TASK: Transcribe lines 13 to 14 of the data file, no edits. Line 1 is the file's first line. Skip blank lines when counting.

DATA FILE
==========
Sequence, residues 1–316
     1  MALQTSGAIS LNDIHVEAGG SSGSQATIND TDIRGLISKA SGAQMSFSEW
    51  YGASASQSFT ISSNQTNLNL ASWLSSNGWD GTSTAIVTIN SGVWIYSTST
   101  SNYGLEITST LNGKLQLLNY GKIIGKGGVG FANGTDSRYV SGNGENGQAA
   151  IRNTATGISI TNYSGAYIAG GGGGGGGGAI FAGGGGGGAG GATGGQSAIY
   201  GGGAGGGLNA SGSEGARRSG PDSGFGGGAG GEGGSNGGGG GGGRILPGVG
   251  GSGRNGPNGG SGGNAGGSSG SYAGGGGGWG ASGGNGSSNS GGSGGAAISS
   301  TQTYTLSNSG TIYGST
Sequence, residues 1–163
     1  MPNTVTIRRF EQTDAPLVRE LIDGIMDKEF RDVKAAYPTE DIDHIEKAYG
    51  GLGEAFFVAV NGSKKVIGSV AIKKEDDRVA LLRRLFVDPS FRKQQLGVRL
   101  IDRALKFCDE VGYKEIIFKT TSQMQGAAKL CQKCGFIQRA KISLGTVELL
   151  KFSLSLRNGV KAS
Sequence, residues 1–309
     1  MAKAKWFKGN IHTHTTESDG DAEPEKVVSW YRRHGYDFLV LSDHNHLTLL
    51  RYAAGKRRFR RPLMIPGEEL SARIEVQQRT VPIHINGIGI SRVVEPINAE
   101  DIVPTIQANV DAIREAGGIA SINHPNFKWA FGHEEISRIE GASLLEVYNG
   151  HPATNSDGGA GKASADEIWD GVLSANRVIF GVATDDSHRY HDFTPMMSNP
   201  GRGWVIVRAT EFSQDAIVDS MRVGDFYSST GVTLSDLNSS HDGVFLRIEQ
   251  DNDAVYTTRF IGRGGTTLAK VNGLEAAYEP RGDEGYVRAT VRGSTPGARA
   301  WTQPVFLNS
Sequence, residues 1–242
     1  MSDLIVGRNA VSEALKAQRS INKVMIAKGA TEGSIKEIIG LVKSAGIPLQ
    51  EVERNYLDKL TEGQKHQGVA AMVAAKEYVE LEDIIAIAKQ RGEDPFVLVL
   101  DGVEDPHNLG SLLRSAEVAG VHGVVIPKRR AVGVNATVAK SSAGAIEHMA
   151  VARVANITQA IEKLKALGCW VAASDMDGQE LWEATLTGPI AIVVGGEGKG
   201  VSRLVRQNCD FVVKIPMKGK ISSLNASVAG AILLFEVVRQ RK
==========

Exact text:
   151  KFSLSLRNGV KAS
Sequence, residues 1–309